Learn More

Cardiovascular Disease: Fight It with the Blood Type Diet

Cardiovascular Disease: Fight It with the Blood Type Diet

Dr. Peter J. D'Adamo, the author of the Eat Right 4 (for) Your Blood Type, has now created a targeted plan for fighting arthritis and cardiovascular disease in his book: Cardiovascular Disease: Fight it With The Blood Type Diet

Those with congestive heart failure, high blood pressure, high cholesterol or cardiovascular disease can now read how a blood type specific plan of food choices, exercise and lifestyle changes can be a positive influence on lessening the pain and treatment of these debilitating diseases.

In Cardiovascular Disease: Fight it With The Blood Type Diet, Dr. D'Adamo outlines a comprehensive four-week plan that includes blood-type specific foods, vitamins, supplements, herbs and exercise to help you feel your best.

Learn More

 

Blood Type Diet in the News

cosmopolitain

Jaimie Alexander Eats Right for Her Blood Type

Jaimie Alexander plays a butt-kicking recovering amnesia victim in the NBC thriller Blindspot, but off-camera she's well aware of who she is—at least, when it comes to her diet. In a new interview with Us Weekly, Alexander says she's on a personalized diet due to her blood type. "I like to eat for my blood type as much as possible, which means I exclude very specific foods from my diet," she says.

Read Full Article

cosmopolitain

We Put 2017's Best Diet Cookbooks to the Test

It's clean-eating season, which means more diet manuals than you can stomach. Phoebe Luckhurst tries them for size.
Eat Right 4 Your Type: A re-issued and updated version of the influential diet plan which theorises that certain blood types respond better to certain foods. Therefore, instead of banning foods, you simply need to eat the right ones, which sounds conveniently — and misleadingly — like you are circumventing a diet. A considerable section is consumed by a reported physiological history of the blood type, which is hungry work.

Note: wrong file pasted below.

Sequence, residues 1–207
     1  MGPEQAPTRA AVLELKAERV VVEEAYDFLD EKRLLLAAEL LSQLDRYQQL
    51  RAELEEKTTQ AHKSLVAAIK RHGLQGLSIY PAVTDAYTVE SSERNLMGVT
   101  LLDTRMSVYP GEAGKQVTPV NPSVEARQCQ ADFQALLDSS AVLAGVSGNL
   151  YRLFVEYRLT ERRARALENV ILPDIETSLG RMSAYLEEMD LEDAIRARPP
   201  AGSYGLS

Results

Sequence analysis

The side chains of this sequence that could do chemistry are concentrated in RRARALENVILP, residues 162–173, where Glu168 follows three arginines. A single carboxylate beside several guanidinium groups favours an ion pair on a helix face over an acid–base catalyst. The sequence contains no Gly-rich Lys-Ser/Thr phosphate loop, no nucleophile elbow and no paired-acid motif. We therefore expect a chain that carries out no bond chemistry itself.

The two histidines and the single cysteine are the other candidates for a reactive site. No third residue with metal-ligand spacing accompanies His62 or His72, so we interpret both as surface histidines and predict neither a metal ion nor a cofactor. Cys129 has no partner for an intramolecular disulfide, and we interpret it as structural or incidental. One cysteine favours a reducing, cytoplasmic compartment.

Read Full Article

cosmopolitain

WTNH News - January 4, 2017

 

 

Vegetarian Borscht

Right 4 All Blood Types

Borscht is an Eastern European soup, celebrated for its nourishing qualities. A winter staple, it is made with root vegetables, abundant at that time of year, and is inexpensive to put together. The flavor of Borscht is comforting and tangy and is best served warm with a dollop of sour cream.

Vegetarian Borscht for Blood Type O

BLOOD TYPE O

Ingredients:

  • 1 pound beets (beetroot), peeled and grated
  • 2 medium onions, thinly sliced
  • 2 large carrots, peeled and grated
  • 10oz white radish, grated
  • 2 tablespoons extra virgin olive oil
  • 5 cups vegetable stock
  • Juice of 1/2 a lemon
  • Salt to taste
  • Finely chopped parsley to garnish

Directions:

  1. Wash and peel the vegetables as required.
  2. Cut the onions in half, finely slice and set aside.
  3. Shred the carrots, radishes and the raw beets separately and set aside.
  4. Pick the leaves off the parsley sprigs and reserve.
  5. In a large pot, bring the vegetable stock to the boil.
  6. In a separate pot, heat the olive oil and sauté the onion until translucent. Add the carrots and beets and stir over a medium fire, adding a little salt to taste in the process. Stir for about 5 to 8 minutes until the vegetables are cooked.
  7. When the vegetables are soft, stir through the shredded radishes and ladle in the hot stock. Bring to a boil and simmer for 15 to 25 minutes, until the vegetables are tender.
  8. Season to taste with some salt, a squeeze of lemon juice and a sprinkle of chopped parsley.
[Serves 6 people]

Vegetarian Borscht for Blood Type A

BLOOD TYPE A

Ingredients:

  • 1 pound beets (beetroot), peeled and grated